CGI won three-year contract to support HM Courts and Tribunal Service in improving much-criticised system
The Ministry of Justice signed a three-year deal valued at £25m to provide “continuous improvement squads” to support HM Courts and Tribunals with its controversial Common Platform suite of digital services.
The deal with IT firm CGI started on 1 March and will run until 28 February 2026, according to newly published procurement information. Documents indicate that that the work delivered by the company may include DevOps, digital definition services, build and transition services, end-to-end development and data management and similar services. It did not include details of specific work.
The disclosure comes after HMCTS chief executive Nick Goodwin told MPs that the organisation is “making amends” and adapting its rollout of Common Platform to prioritise addressing legal advisers’ concerns.
Legal advisers and court associates ended months of strikes last week after their union, PCS, won assurances from HMCTS including taking action to combat Common Platform-related stress and anxiety.
Goodwin told MPs on 30 March that addressing legal advisers’ stress when using Common Platform is the organisation’s “number one priority”. “I am deeply concerned about those legal advisors that feel this is difficult for them,” he told the Public Accounts Committee.
He said the agency is focusing on legal advisers’ top five concerns about Common Platform and “going at that absolutely full tilt,” adding: “We realised this wasn’t just a technical issue – we needed to get things better for our legal advisors.”
In PCS’s announcement that it had agreed a deal to end strikes, it said HMCTS’s offer included a commitment to end “staff blame culture” over the IT system. Asked about this by PAC members, Ministry of Justice permanent secretary Antonia Romeo said: “I don’t know about that particular issue, but clearly there’s no place for a blame culture in any organisation.”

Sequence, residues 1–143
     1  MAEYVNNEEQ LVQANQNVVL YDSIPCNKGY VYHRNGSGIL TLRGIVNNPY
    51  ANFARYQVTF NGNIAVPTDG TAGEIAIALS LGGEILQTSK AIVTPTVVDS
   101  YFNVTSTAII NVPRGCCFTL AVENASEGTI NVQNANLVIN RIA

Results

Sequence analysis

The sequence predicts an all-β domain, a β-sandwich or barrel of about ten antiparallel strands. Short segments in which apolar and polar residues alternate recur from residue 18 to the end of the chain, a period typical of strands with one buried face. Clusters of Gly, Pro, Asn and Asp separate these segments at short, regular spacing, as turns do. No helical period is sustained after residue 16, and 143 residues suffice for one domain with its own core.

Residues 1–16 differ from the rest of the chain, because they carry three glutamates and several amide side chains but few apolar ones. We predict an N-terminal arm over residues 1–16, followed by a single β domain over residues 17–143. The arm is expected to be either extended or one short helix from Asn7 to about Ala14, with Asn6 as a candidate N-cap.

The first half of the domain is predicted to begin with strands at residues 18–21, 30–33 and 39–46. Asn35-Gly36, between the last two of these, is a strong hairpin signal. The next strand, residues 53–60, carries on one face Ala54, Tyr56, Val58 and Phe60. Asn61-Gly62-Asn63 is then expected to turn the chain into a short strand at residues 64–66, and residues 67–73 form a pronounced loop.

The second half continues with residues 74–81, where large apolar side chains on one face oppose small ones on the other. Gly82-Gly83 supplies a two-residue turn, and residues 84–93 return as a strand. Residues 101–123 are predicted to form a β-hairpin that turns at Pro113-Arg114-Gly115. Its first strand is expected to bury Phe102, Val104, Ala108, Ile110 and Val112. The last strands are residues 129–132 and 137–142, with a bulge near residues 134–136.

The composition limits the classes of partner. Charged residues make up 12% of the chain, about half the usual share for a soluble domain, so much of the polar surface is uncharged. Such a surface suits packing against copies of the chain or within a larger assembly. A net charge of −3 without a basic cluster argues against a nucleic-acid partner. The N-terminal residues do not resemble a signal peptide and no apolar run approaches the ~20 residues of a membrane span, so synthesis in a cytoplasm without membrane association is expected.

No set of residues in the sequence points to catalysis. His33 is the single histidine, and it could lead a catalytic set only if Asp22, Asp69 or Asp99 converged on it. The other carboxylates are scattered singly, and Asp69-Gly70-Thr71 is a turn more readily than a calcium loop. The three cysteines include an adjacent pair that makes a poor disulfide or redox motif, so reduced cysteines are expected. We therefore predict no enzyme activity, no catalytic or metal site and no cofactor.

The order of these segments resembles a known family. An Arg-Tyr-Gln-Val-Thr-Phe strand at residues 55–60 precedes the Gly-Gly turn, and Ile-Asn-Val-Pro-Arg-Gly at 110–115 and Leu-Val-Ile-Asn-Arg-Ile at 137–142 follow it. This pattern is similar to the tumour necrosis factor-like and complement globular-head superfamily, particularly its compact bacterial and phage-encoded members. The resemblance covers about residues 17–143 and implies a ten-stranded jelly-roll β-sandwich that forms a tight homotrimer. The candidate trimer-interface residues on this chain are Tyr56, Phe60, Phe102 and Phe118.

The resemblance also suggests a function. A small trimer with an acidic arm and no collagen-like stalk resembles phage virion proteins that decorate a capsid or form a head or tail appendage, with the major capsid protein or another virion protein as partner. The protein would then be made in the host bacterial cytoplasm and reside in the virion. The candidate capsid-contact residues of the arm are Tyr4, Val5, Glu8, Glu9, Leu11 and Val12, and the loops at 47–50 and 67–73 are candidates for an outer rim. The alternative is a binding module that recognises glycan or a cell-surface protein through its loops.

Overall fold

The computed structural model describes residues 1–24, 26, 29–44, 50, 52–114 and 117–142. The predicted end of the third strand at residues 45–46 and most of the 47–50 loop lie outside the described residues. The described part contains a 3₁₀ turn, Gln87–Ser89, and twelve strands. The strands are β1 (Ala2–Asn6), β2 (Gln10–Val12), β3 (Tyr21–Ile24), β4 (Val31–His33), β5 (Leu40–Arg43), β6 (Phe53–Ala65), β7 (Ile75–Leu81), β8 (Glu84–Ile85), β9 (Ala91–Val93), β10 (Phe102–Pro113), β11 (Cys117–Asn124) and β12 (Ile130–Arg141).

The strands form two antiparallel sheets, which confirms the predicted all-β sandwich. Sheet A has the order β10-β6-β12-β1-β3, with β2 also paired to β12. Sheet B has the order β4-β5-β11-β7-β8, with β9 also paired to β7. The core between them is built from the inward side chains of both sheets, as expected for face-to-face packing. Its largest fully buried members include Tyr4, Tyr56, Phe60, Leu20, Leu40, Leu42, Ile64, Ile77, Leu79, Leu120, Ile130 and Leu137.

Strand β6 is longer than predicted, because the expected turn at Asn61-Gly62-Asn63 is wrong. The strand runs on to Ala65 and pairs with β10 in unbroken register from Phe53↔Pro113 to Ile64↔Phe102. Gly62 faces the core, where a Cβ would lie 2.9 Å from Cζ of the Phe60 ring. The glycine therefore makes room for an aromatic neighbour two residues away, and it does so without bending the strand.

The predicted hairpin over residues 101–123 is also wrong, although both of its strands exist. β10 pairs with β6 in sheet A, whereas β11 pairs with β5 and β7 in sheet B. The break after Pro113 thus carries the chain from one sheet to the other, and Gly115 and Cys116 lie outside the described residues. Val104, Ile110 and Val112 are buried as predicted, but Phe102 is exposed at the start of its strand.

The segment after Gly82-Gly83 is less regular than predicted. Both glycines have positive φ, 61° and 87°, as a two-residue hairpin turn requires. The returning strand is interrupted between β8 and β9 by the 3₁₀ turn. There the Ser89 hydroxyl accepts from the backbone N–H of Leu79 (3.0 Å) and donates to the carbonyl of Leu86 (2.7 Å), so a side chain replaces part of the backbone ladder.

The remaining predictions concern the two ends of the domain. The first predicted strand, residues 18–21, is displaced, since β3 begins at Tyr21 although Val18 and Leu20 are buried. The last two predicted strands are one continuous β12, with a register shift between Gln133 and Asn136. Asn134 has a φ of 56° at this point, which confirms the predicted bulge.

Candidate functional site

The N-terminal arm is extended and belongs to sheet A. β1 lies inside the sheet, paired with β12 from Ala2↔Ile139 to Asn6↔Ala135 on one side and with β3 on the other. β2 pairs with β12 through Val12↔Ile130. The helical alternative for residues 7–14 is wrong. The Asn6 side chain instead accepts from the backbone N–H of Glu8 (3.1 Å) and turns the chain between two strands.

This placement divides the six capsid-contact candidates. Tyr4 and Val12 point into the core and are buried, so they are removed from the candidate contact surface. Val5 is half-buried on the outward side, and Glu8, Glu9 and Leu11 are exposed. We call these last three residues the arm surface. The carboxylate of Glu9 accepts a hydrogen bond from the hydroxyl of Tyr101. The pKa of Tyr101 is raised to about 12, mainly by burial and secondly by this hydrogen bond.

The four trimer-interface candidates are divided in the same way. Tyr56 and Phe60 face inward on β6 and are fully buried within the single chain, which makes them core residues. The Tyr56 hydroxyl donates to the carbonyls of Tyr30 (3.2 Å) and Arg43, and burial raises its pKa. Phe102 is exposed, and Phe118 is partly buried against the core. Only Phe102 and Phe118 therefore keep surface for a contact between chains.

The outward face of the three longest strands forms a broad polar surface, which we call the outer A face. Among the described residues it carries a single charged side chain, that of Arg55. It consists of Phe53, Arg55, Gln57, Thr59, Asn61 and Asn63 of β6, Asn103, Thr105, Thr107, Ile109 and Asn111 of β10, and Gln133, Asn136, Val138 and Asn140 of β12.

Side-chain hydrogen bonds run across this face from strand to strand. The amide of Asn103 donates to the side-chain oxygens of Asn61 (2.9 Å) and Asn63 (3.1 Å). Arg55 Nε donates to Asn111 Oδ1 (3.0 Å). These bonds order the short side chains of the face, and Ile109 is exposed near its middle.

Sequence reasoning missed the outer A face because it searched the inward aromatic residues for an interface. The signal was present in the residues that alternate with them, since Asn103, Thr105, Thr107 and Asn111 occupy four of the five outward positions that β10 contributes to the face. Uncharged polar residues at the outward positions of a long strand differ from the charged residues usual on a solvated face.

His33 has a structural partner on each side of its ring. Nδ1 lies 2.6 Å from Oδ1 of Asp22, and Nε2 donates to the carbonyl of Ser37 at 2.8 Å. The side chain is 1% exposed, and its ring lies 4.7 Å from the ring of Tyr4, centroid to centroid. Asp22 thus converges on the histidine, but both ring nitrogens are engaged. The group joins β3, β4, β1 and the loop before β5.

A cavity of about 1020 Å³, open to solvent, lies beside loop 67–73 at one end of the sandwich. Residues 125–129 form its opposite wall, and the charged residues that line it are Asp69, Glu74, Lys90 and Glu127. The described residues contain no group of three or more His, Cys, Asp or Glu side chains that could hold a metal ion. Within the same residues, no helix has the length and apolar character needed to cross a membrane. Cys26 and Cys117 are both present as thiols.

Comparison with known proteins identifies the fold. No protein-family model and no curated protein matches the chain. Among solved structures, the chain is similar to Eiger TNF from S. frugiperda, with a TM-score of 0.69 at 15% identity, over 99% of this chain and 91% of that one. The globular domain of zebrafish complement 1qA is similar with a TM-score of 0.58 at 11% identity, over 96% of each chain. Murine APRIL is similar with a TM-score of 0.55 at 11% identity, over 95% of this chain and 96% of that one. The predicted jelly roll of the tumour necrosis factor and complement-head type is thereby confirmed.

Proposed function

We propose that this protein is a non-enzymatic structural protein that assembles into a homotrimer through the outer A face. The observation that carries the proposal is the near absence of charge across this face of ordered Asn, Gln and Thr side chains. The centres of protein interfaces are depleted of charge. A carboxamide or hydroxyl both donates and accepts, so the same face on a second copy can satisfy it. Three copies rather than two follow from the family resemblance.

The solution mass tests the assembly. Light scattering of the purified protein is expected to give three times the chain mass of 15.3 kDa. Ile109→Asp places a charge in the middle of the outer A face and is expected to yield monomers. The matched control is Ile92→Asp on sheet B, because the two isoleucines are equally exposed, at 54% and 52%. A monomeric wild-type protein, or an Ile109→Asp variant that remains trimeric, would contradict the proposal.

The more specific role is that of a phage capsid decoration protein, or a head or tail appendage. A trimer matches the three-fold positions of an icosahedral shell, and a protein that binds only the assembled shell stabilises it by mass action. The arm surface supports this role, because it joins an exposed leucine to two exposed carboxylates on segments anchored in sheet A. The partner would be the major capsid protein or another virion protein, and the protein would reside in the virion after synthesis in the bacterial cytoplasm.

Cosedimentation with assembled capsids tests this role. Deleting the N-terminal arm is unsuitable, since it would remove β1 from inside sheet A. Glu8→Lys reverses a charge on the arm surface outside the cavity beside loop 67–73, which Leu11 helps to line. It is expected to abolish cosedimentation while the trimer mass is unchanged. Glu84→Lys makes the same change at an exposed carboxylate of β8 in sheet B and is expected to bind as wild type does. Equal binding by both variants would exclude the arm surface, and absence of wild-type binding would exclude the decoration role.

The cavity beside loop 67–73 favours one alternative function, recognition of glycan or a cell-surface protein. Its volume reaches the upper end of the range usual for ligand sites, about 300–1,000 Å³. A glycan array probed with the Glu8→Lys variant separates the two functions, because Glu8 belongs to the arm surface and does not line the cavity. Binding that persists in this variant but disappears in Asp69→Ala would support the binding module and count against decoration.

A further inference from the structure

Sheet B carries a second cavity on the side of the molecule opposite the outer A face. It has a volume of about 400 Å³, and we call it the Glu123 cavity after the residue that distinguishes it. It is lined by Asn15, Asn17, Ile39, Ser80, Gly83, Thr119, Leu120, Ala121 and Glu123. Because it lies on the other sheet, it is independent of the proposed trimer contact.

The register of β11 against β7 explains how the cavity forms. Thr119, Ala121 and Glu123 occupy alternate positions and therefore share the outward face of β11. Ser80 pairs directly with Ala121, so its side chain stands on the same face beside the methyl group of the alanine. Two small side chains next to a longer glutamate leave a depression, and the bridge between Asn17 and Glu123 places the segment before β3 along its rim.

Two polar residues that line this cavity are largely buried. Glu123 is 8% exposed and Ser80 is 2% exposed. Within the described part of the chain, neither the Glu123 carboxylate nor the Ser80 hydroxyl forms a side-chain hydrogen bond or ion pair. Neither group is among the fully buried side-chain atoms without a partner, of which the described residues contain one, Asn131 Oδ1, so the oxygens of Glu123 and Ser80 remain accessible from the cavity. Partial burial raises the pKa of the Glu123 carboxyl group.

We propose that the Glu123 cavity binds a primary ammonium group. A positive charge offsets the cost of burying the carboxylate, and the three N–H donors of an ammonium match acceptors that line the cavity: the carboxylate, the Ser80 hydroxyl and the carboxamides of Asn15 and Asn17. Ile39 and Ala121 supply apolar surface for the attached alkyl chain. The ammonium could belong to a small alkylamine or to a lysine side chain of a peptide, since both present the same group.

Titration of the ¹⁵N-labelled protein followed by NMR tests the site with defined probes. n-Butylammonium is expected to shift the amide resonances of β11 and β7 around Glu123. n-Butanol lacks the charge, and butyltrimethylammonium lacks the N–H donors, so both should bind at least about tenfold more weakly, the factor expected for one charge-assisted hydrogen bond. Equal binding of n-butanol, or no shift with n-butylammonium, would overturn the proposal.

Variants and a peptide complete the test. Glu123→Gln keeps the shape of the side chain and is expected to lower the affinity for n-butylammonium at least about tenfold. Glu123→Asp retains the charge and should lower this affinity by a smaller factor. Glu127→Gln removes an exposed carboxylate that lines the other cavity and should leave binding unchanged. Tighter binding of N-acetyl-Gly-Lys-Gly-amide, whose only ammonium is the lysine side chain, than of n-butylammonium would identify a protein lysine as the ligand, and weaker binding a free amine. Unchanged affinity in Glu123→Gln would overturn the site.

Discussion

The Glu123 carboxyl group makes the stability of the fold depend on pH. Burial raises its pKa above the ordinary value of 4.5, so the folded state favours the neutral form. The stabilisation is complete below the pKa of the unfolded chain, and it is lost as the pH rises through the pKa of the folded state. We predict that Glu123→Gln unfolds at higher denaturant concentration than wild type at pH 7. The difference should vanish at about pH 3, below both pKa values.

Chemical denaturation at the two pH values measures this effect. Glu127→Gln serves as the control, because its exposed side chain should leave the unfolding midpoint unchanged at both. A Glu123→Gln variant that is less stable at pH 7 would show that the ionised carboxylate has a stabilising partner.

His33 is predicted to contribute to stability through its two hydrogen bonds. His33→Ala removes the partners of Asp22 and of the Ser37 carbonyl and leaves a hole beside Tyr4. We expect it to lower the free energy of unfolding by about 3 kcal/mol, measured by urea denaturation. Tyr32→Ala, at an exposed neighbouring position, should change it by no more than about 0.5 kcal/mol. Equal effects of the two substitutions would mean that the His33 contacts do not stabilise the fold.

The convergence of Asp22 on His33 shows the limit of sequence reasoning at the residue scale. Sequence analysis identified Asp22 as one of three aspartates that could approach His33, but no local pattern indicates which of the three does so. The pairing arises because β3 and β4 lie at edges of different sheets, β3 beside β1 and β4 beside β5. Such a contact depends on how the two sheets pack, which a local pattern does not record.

PCS has warned that it will continue its campaign to scrap the IT system, which is currently live in 78% of all criminal courts. Romeo – who said she is “delighted” the industrial action has ended – made it clear, however, that the system is here to stay.
Common Platform was initially supposed to be rolled out in all magistrates and crown courts by the end of March 2023 – with a contingency in place in the programme to extend this to December if needed. But the rollout target has now been delayed beyond this year.
Goodwin told MPs the rollout will be extended until March 2024 for some crown courts to avoid disrupting efforts to reduce the current backlog in hearings. Common Platform has been beset by delays due to development issues, the Covid-19 pandemic and technical issues – such as failing to send important notifications.